Leber congenital amaurosis is a severe retinal degeneration that causes extensive vision loss. Usually diagnosed soon after birth, it produces profound dysfunction of the two photoreceptor types, which leads to nystagmus, photophobia, reduced pupillary response, high hyperopia, and greatly reduced electroretinographic responses. Patients with LCA characteristically demonstrate a significantly greater than usual amount of eye poking and rubbing. This is described as Franceschetti’s oculo-digital sign and increases the risk of keratoconus in these patients [50,49]. Juvenile severe cone–rod or cone dystrophy (CORD, COD) and RP may be mistaken for LCA because of similar clinical features.
Variants of 30 genes that have been identified as causing photoreceptor cell death and LCA are responsible for approximately 62% of cases. Although LCA is usually inherited in an autosomal recessive manner, a few cases presented with dominant inheritance. It can also appear as one component of a syndrome, as in JS [49,51,52,53,54,55,56]. One study of a consanguineous Iraqi family identified POC1B, a gene that is critical for ciliogenesis and for maintaining basal body and centrosome integrity, as a possible cause of JS with LCA and a polycystic kidney disease phenotype [57]. In one case of suspected JS with LCA, morphological analysis revealed an atrophic maculopathy and a significant decrease in photoreceptor cells. The disorganized retina contained almost no rods and only a few surviving cones in the perifoveal region. Pigmentation was decreased in most regions of the retina, and the RPE layer was thinned in peripheral regions. RPE65, an enzyme expressed in RPE cells, was detected in the RPE layer and in the outer segment, but the RPE layer did not contain lipofuscin granules, which indicates defective lysosomal degradation of phagocytosed photoreceptors. Centrin-2, a protein found in the basal bodies of cilia, was also absent.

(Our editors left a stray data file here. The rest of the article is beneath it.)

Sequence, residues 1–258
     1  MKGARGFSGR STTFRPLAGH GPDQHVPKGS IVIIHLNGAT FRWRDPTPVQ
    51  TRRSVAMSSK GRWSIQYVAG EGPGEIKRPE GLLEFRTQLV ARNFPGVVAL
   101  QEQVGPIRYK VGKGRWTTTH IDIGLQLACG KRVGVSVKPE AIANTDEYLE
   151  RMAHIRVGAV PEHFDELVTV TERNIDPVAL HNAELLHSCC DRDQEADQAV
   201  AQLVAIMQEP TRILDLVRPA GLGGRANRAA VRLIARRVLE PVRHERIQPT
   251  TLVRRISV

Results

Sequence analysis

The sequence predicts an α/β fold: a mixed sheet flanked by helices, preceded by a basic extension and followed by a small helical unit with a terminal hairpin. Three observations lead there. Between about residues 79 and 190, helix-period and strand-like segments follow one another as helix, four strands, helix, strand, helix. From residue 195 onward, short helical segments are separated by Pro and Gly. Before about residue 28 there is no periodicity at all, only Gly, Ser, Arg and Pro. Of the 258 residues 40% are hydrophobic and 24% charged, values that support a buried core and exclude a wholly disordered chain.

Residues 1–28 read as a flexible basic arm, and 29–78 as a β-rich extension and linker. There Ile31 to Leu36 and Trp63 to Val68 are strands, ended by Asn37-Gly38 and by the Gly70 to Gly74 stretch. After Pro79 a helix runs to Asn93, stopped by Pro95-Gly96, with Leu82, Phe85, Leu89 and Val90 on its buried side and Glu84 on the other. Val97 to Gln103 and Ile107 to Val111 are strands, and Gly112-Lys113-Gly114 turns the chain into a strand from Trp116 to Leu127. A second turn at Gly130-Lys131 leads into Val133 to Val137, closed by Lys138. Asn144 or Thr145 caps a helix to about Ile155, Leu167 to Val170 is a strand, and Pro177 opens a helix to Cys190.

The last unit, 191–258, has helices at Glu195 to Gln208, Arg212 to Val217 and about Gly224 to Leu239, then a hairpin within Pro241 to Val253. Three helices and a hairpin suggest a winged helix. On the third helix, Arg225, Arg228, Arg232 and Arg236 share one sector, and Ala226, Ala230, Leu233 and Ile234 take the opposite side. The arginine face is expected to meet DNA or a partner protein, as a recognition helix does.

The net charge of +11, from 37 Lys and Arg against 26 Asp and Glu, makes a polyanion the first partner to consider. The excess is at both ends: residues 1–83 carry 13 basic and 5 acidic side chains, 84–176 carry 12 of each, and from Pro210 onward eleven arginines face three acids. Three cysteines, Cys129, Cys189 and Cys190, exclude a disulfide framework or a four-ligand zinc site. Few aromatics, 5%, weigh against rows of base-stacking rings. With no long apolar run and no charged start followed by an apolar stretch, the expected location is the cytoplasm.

6.3. Abnormal Pigmentation

Abnormal pigmentation was reported in 4.5% of the patients with JS in the publications reviewed (11/245). About 72% (8/11) of these patients carried an AHI1 (5) or CEP290 (3) mutation (Figure 4, Table 1); mutations were also detected in C5orf42 (1) and CC2D2A (1), and the genotype of one patient was unknown (Figure 4C). The fundi of these patients demonstrated bone spicule or mottled pigmentary irregularities in the peripheral or mid-peripheral retina, or in the entire retina. In the clinic, pigmentary retinopathy with nystagmus or roving eye movements is frequently diagnosed as LCA. Interestingly, CEP290 mutations also account for 20% of LCA (ref) [58], which may explain some of the overlap with other JS phenotypes. LCA, however, typically lacks a concomitant central nervous system disorder.

7. Ocular Colobomas

Ocular colobomas are defects that arise from the fetal fissure failing to close normally, which leads to missing tissue in the retinal pigmented epithelium, the neurosensory retina, or the choroid [59]. These defects can be unilateral or bilateral, can affect the optic disc and/or choroid, and are most commonly localized to the posterior part of the eye [14,27,31,57,60,61,62,63,64,65,66,67]. Colobomas involving the iris have also been observed [68]. Colobomas comprise only a small subset of ocular defects across the JS subtypes, but have been reported in over 30% of JS patients with hepatic defects [69] and may also be associated with hepatic fibrosis [23]. Additionally, in a survey of 100 JS patients, chorioretinal coloboma was found to be associated with a decreased risk for retinal degeneration and increased risk for liver disease [31].
Differences in the incidence of coloboma between cohorts have also been observed. One study found that colobomas affected 19% of families with JS [70]. Another reported an incidence of 30% (28/99), with 20/28 involving the retina; those with the TMEM67 mutation had the highest incidence (80%) [35]. The consensus in the literature is that only ~3% of patients with JS have both coloboma and retinal degeneration [27,35,71].
Although the incidence of ocular colobomas is small, mutations in several genes have been identified in patients with this diagnosis (Figure 4D). These genes include MSK1, INPP5E, ODF1, PDE6D, POC1B, AHI1/TMEM67, TMEM237, KIAA0586, CEP290, and TMEM67. The gene associated with the greatest number of patients with ocular colobomas is TMEM67 (Meckelin). This transmembrane protein plays an important role in ciliogenesis and signaling.